Here are two more from the day: one capturing the spread of the branches and the other as if the redwood was posing for a classic portrait.
Braching Out by I Nancy, on Flickr
Portrait View by I Nancy, on Flickr
Artist and Geek collided for this shot at the Ventura County Fair.
Like a hunter in pursuit of that elusive prey, I’ve been in pursuit of night-time fair shots for some time. Mostly they end up in the bit-bucket, a jumble of over exposed lights and chaotic people. (A notable exception is my 2nd Place Fair Theme win at this years Ventura County Fair. It was taken last summer at the Santa Monica Pier). Given that luck and quantity weren’t helping with the quality of my output, a bit more thought was needed. Time to get the Artist and the Geek to talk to one another.
I’ll explain this one like I have a few others since listening to David duChemin’s CreativeLIVE Vision Driven Photography webinar. First a list of what I saw and felt. Then lists of how I went about the Frame, Capture, and the Process using the list as a guide.
The List – what I saw and felt, what I want to convey in the photography
- Lights and bright colors
- Vendor booths of junk, pure junk
- People, together and separate
- Light in the darkness
- People are part of the scene, but not the scene itself
The Frame – what will I put in the frame
- I really wanted to see people interacting with the brightly lit vendor food booths. Here I saw these three friends in front of this booth. There was a lot to attract me to this subject. They were there for quite some time so I had time to think and compose. They were well back lit. It was a group of 3 (perfect!). There were good colors and contrasts of the group – red, black, and white.
- The background booth was as colorful and audacious as it gets – The Good Stuff – all junk, pure junk. Then think about the friendship of the group of 3, hanging at the VC Fair for the evening. Now, isn’t that the Good Stuff too?
- The rest just sort of fell into place – nice oblique angle, balance using the rule of thirds, timing getting the rest of the path clear.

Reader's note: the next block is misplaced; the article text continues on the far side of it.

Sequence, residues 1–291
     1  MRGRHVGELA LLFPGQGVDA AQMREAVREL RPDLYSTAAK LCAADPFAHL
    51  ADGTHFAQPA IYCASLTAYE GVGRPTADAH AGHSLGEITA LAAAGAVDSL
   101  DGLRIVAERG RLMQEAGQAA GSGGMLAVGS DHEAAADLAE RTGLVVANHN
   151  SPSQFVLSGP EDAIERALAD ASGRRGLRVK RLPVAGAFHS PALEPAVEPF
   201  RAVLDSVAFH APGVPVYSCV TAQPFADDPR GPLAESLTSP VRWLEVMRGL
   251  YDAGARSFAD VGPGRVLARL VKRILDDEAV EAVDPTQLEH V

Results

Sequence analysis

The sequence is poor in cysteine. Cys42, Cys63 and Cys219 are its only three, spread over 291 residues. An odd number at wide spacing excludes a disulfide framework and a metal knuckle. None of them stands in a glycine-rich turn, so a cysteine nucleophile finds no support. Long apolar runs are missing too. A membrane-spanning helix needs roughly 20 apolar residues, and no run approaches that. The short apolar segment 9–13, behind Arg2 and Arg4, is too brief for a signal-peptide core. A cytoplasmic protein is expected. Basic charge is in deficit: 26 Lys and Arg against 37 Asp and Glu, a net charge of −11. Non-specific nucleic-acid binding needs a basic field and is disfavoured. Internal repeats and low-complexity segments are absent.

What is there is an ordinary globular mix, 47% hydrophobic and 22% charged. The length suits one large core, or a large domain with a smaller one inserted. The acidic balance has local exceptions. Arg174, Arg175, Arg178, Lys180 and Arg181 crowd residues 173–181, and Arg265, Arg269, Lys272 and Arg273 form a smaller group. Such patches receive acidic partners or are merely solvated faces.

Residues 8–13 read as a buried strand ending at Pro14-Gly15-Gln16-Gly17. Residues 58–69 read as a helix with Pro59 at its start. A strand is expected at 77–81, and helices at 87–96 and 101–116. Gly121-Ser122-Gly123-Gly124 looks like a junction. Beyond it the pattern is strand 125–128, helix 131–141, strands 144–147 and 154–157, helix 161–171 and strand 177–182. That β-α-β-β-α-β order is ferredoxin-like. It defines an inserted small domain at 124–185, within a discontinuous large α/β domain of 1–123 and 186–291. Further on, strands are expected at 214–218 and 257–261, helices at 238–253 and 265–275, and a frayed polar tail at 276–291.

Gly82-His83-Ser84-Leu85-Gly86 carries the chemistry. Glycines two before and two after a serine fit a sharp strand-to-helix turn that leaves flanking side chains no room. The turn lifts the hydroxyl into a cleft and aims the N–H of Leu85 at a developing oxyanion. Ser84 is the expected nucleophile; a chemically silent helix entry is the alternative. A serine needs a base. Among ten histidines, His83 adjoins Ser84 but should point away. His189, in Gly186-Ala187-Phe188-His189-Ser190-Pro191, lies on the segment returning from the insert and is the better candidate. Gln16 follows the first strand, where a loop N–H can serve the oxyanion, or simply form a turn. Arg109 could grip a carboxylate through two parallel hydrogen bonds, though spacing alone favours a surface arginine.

The Capture – what camera settings, lenses and why
- The oblique angle gives me some excitement
- The exposure was the difficult part. The obvious solution to high-contrast situations is HDR – so I bracketed -2, 0, +2. This would allow me to capture the detail inside the building as well as the outside. I also knew that I would need to reblend in the middle-exposure of the people in order to avoid ghosting of movement.
- 55mm – really just a standard street length. Let the building and the scene do the speaking.
The Process – post processing
- I’m not a fan of wild HDR, but it is quite useful for these high-contrast scenes. For this I wanted lots of detail within the image, but keep the people as silhouettes with just the edge light. A combo of Photomatix from the RAW images and tweaks of the tonemapped image in Lightroom.
- Then I processed the middle exposure to match the HDR and using Photoshop and layers, I masked the people in over the HDR to remove the ghosting effects of the people movement.
The result is a bright and dark scene. The colors of the fair and the emotion of friendship.
View Large On Black
View Large On Black
Another outing with the Thousand Oaks Digital Photo Group, this time to LA’s Farmer’s Market and The Grove on the corner of Fairfax and 3rd. The Farmer’s Market is no longer a Farmer’s Market but rather an historic set of buildings with food vendors. Right adjacent was built The Grove, an outdoor upscale mall. Wandering around had the allure of being an interesting palate was was also sort of a photographers nightmare. Aside from the unshaded florescents and window glare, taking pictures of people in captive places is always a hit or miss proposition. Will they let you? Once you ask them will they continue to be relaxed and continue to go about their business? What are the ethics of taking street portraits with a 300mm lens unnoticed? (Not my style – actually).
But the day wasn’t a loss. I think about photography much like I did my music and you have to “practice, man, practice”. So I thought of the day as practice, and practice I did.
These two images were the result of that practice. At the end of the Grove is a clothier – Abercrombie & Fitch. They specialize is upscale downscale clothing just like the clothing you see being worn by this model in the doorway. I was walking around with two lenses – 17-40mm f/4 and 50mm f/1.4. These two were taken with the wide angle. It was kind of bright and glaring outside and she was standing in the shade of the doorway. I figured there were two possible approaches – HDR or high-key exposed for the doorway.
Here I show you one of each.
(BTW, not sure if you can see on these web-versions, but the detail captured by the 5dMkII is unbelievable)